Mercedes CLS review

Our Rating: 
4
4.0/5.0
By Auto Express Test TeamComments

The sleek and stylish Mercedes CLS combines head-turning coupe looks with sensible saloon practicality

For: 
Stylish looks, sumptuous cabin, excellent ride/handling
Against: 
Poor residuals, lack of versatility, thirsty V8 petrols

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When the original Mercedes CLS hit showrooms in 2005 it caused an instant stir. By mixing four-door versatility, sleek coupe styling and a luxurious cabin, the CLS was a true trendsetter. Now in its second generation, the latest model adds sharper driving dynamics and efficient new diesel and petrol engines to its list of desirable attributes. All versions are well-equipped, but that doesn’t mean you’ll be able to avoid the expensive options list.

Our choice: CLS 350 CDI BlueEFFICIENCY

Styling

4.8

The new Mercedes CLS clearly takes its cues from its sleek predecessor. With a mix of sweeping curves and bold creases, the CLS packs more visual appeal than rivals such as the Audi A7. As with the previous model, the Mercedes CLS is available as a four-door saloon only. All versions get eye-catching LED daytime running lights, while Sport models are treated to 19-inch alloy wheels and a racy looking bodykit. Inside, quality is top notch, with classy and expensive feeling materials used throughout. What’s more, the attractively designed cabin is almost as stylish as its sleek exterior.

Driving

4

Drivers wanting the ultimate in sporty driving dynamics should look elsewhere. However, the Mercedes CLS’s fine ride and handling set-up strikes the right balance between fun and comfort. Adaptive damping is standard on all models, which means the Mercedes copes effortlessly with poorly surfaced roads. Yet the direct and well-weighted steering, good body control and decent grip make the Mercedes a surprisingly agile choice. Entry-level versions get a 201bhp 2.1-litre diesel engine, while at the other end of the performance scale are the muscular petrol V8-powered 500 and AMG models – the latter will blast from 0 to 62mph in just 4.4 seconds. Buyers can also pick from a pair of V6 engines – a smooth 3.0-litre diesel and a muscular 3.5-litre petrol. All versions get a slick shifting seven-speed automatic gearbox, apart from the AMG, which benefits from Mercedes’s MCT seven-speed twin-clutch gearbox.

Reliability

4

There has been no Euro NCAP test for the Mercedes CLS yet, but there’s no reason to think it won’t bag a five-star result. Included in the raft of standard safety kit are six airbags, ESP and tyre pressure monitoring. Hit the eye-wateringly expensive options list and you can add hi-tech extras such as lane keep assist, blind spot monitoring and adaptive cruise control. Mercedes has a reputation for strong build quality and mechanical strength – and the Mercedes CLS certainly feels like it will last. Standard three-year warranty is joined by the firm’s Mobilo scheme, which delivers breakdown cover for up to 30 years if you continue to have your car serviced at a Mercedes main dealer.

Practicality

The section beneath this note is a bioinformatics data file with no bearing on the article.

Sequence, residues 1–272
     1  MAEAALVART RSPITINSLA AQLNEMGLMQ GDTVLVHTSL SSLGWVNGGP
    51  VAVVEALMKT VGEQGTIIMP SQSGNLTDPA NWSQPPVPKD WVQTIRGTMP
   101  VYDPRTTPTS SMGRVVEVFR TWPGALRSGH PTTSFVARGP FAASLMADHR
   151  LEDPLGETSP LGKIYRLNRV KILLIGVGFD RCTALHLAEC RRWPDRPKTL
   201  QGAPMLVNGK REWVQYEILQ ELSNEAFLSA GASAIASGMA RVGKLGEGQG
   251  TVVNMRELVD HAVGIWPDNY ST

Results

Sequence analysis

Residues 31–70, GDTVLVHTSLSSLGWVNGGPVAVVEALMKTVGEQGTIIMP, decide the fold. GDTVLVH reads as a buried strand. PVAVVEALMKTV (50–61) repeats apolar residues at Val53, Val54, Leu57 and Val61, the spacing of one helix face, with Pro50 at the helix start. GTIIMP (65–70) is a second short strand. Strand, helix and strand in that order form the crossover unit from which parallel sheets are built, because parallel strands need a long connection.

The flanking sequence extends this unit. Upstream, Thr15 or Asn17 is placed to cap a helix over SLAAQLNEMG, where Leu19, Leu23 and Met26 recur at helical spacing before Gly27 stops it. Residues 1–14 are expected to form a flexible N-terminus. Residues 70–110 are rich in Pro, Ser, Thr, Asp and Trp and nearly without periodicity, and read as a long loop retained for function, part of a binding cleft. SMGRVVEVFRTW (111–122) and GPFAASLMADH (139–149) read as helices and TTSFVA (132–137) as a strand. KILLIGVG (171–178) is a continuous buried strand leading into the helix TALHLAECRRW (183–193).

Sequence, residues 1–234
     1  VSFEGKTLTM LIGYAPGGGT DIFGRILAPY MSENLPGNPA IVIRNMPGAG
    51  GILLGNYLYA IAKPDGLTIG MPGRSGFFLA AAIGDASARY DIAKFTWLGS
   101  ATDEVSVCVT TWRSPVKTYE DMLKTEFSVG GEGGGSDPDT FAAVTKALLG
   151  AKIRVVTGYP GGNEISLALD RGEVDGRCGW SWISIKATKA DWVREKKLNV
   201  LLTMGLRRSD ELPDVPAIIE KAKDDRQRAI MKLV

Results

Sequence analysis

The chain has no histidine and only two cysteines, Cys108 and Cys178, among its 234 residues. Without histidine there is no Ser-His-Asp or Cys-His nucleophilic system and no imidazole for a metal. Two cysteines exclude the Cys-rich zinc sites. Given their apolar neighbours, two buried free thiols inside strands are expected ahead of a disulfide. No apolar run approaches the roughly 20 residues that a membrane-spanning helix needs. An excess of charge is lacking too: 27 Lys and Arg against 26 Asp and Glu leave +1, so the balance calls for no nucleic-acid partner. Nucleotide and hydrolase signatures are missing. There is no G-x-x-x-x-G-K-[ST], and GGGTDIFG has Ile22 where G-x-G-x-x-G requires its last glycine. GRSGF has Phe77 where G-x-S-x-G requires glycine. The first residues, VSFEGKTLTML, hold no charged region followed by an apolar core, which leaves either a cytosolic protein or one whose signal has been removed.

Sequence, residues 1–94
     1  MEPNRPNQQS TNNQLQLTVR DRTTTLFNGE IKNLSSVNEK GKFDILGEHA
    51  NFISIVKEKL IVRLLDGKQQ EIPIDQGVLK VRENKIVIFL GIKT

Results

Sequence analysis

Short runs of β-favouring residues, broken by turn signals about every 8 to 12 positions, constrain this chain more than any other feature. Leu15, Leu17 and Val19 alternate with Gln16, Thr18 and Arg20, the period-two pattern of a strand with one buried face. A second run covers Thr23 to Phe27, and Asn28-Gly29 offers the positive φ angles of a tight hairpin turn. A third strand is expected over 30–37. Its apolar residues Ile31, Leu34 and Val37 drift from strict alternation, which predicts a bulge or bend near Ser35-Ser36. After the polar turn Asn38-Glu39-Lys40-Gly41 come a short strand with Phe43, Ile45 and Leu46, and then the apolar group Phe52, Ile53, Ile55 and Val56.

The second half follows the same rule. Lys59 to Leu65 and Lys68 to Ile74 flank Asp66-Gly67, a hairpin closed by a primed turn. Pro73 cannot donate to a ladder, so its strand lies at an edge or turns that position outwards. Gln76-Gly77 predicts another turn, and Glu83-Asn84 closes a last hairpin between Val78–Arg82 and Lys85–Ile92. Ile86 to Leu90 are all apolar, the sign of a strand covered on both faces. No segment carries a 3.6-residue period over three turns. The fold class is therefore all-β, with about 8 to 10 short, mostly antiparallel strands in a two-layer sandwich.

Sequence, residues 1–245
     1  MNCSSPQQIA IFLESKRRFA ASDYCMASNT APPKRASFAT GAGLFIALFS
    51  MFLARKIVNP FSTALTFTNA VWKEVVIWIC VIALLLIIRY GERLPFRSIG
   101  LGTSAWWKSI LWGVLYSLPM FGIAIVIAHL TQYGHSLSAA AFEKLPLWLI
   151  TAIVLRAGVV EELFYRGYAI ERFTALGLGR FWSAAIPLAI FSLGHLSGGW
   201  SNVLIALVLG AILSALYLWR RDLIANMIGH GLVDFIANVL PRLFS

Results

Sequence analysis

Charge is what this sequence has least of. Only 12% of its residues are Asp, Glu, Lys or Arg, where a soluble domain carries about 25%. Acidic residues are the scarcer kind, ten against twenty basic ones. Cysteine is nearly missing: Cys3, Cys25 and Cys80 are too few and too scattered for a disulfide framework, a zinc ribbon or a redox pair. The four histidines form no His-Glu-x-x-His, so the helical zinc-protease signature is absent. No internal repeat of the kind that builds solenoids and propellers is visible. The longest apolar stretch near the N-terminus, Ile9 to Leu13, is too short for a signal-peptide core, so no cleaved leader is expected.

3.2

It’s unlikely that buyers of the Mercedes CLS are in the market for a practical holdall, so it’s no surprise to find the newcomer lacks versatility. The CLS is a strict four-seater, although there’s plenty of head and legroom for occupants. Opening the tailgate reveals a generous 520-litre load bay, but you’ll have to hit the expensive options list if you want folding rear seats. Buyers looking for an extra dose of practicality would be better of looking at the hatchback-equipped Audi A7. On the plus side, the cabin of the Mercedes is littered with useful storage, including a deep, lidded box in the centre console.

Running Costs

3.5

Owners who want all the flash without forking out lots of cash should stick to the CLS 250CDI. The diesel-powered machine emits only 135g/km of CO2 and is capable of returning an impressive 54.3mpg. The petrol-powered V8 versions serve-up crippling running costs, however, while all CLS variants suffer from poor residuals compared to rivals such as the Audi A7 and Porsche Panamera. As you’d expect for a premium car, servicing costs are likely to be pricey. And while the level of standard equipment is decent, it will be hard not to hit the expensive options list. For instance, you’ll have to dig a little deeper in your pocket for ambient lighting, sat-nav and heated seats – kit we’d expect to be standard at this price.

Disqus - noscript

The article refers to the cost of options, but the standard car car comes loaded with far more extras than almost any other competitor.
Sat-Nav is standard across the range, as is full leather, metallic paint, parking assist (steers the car into tight spots) as well as a long list of other luxuries. Everything is there already.
Only stuff like memory seats/mirrors/steering/headrest, upgraded audio, reversing cameras etc require additional expense.

"Thirsty V8 petrols"... as a negative? Then don't buy the V8 petrol if you want economy! I don't believe Merc V8s (non-AMG ones anyway) are notably more thirsty than other manufacturers' V8s.

Last updated: 5 May, 2012

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